Sex Roles

, Volume 60, Issue 5–6, pp 410–421

The Role of Gender and Ethnicity in Perceptions of Rape and Its Aftereffects

  • Lawrence J. Schneider
  • Lisa T. Mori
  • Paul L. Lambert
  • Anna O. Wong
Original Article

DOI: 10.1007/s11199-008-9545-9

Cite this article as:
Schneider, L.J., Mori, L.T., Lambert, P.L. et al. Sex Roles (2009) 60: 410. doi:10.1007/s11199-008-9545-9

Abstract

Caucasian-, Hispanic-, and Asian-American male and female students (n = 764) attending a California (USA) public university reported their perceptions of sexual assault. After reading a rape vignette, participants gave their impressions of the victim; estimated time needed for recovery and treatment; and recommended a sentence for the assailant. Half of the sample received information regarding state sentencing guidelines. Relative to female participants, males perceived the victim as more responsible. Caucasian-American males had stronger reservation about the victim’s judgment. Males were less inclined to assign blame than were females. Ethnicity was the only factor influencing perceptions of recovery. Ethnicity and sentencing guidelines, but not gender, impacted imprisonment decisions. Issues impeding a unified theoretical understanding of perceptions of rape victims were considered.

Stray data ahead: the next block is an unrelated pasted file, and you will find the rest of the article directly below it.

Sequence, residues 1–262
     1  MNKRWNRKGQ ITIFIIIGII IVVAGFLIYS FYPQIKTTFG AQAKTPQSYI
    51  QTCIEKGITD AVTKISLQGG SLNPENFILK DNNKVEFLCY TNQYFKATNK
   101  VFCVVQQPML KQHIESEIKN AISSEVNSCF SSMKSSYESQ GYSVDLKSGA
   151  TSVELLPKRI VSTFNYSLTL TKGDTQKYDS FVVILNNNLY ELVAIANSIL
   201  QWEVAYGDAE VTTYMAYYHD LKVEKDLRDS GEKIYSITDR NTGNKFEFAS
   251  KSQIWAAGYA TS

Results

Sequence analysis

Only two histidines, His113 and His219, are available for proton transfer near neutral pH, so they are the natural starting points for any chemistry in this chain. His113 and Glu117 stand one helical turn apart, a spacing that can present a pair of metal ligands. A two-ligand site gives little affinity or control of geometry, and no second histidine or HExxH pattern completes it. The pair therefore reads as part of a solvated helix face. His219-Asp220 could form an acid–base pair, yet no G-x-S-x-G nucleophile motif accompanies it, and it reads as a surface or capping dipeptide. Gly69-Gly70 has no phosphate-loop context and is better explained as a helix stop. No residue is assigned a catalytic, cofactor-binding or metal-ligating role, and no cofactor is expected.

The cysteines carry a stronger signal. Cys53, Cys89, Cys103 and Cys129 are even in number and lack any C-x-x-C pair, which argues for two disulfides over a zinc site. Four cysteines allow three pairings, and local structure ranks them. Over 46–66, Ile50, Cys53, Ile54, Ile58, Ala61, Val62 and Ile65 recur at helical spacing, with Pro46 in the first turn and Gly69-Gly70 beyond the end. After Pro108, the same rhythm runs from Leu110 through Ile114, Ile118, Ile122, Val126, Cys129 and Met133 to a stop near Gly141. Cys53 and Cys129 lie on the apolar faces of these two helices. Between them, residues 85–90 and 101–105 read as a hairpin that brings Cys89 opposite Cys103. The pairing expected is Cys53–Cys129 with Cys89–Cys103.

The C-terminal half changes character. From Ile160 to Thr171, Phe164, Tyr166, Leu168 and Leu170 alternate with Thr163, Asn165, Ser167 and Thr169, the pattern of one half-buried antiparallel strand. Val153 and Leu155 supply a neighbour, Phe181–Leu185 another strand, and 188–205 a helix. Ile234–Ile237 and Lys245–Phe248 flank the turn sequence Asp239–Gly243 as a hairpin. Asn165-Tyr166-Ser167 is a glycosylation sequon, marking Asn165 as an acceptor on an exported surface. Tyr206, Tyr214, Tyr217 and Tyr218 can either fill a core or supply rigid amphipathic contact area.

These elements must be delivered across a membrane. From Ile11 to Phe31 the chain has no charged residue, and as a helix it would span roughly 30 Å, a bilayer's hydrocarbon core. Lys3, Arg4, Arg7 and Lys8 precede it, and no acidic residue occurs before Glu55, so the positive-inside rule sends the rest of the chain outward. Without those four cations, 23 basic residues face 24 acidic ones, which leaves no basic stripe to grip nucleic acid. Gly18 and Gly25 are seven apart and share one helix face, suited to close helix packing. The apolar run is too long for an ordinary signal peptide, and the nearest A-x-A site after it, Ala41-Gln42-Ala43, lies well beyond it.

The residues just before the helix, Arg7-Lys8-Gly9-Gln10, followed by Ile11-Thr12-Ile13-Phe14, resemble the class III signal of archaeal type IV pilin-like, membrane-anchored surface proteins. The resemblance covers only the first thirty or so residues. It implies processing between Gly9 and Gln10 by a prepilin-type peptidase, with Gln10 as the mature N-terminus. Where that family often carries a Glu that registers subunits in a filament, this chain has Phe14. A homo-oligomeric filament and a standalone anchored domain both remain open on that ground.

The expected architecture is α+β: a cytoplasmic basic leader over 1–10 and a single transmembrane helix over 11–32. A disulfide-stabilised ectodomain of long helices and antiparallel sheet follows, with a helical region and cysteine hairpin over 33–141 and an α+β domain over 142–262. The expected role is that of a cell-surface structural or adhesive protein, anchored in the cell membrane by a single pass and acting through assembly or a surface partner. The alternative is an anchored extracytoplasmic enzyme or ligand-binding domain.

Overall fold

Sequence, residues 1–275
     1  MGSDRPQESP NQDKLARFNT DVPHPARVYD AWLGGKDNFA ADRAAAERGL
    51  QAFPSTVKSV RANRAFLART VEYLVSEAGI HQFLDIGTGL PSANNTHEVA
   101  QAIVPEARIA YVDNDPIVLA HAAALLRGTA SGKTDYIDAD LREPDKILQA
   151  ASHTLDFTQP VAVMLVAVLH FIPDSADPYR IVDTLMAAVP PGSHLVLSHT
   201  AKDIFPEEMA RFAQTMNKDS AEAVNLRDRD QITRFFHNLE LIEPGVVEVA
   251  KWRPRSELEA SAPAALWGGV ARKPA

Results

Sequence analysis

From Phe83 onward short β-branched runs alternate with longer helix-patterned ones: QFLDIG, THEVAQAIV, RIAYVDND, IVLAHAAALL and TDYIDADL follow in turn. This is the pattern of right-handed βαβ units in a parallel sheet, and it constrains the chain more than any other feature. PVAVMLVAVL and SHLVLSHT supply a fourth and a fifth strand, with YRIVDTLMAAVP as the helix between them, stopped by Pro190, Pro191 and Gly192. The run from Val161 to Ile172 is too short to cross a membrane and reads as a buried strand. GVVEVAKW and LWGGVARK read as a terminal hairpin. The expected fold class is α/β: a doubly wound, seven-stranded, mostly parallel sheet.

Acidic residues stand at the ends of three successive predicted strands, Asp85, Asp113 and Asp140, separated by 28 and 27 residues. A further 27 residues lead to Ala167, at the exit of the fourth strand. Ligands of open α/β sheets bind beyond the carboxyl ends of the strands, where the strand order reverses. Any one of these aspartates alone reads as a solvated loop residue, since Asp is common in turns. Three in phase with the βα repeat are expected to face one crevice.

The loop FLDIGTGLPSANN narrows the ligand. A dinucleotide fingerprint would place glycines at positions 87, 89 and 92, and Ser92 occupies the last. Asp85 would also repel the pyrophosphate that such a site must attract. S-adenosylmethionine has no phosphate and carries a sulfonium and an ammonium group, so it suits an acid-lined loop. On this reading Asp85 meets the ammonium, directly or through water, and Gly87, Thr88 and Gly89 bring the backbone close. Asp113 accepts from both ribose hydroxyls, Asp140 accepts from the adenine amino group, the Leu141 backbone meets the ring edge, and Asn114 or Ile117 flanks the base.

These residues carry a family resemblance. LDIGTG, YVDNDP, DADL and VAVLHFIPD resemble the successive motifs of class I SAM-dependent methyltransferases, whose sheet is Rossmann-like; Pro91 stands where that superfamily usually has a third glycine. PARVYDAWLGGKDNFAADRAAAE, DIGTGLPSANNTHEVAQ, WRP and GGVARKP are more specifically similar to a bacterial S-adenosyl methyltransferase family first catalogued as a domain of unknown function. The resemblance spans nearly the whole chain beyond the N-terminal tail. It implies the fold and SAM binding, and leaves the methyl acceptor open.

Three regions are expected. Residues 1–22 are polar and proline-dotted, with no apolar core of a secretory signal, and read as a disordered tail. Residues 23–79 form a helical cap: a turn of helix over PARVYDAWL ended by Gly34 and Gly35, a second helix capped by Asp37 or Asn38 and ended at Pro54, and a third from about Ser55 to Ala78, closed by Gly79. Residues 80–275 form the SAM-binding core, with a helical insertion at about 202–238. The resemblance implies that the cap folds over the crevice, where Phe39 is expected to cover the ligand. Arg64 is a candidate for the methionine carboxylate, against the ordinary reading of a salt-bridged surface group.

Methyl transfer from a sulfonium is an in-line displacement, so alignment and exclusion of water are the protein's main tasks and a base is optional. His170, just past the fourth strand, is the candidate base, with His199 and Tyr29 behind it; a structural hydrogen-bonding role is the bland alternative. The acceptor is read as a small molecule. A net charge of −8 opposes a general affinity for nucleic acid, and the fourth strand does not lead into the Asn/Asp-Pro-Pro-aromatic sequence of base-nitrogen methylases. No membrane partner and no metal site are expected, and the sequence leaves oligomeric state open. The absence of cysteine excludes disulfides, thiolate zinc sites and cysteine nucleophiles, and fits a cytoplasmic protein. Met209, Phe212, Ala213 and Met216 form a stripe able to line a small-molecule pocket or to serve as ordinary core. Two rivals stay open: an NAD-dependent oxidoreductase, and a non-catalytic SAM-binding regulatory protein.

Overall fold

Keywords

Rape Gender Ethnicity Recovery Sentencing 

Copyright information

© Springer Science+Business Media, LLC 2008

Authors and Affiliations

  • Lawrence J. Schneider
    • 1
  • Lisa T. Mori
    • 2
  • Paul L. Lambert
    • 1
  • Anna O. Wong
    • 2
  1. 1.Department of PsychologyUniversity of North TexasDentonUSA
  2. 2.Department of PsychologyCalifornia State University-FullertonFullertonUSA

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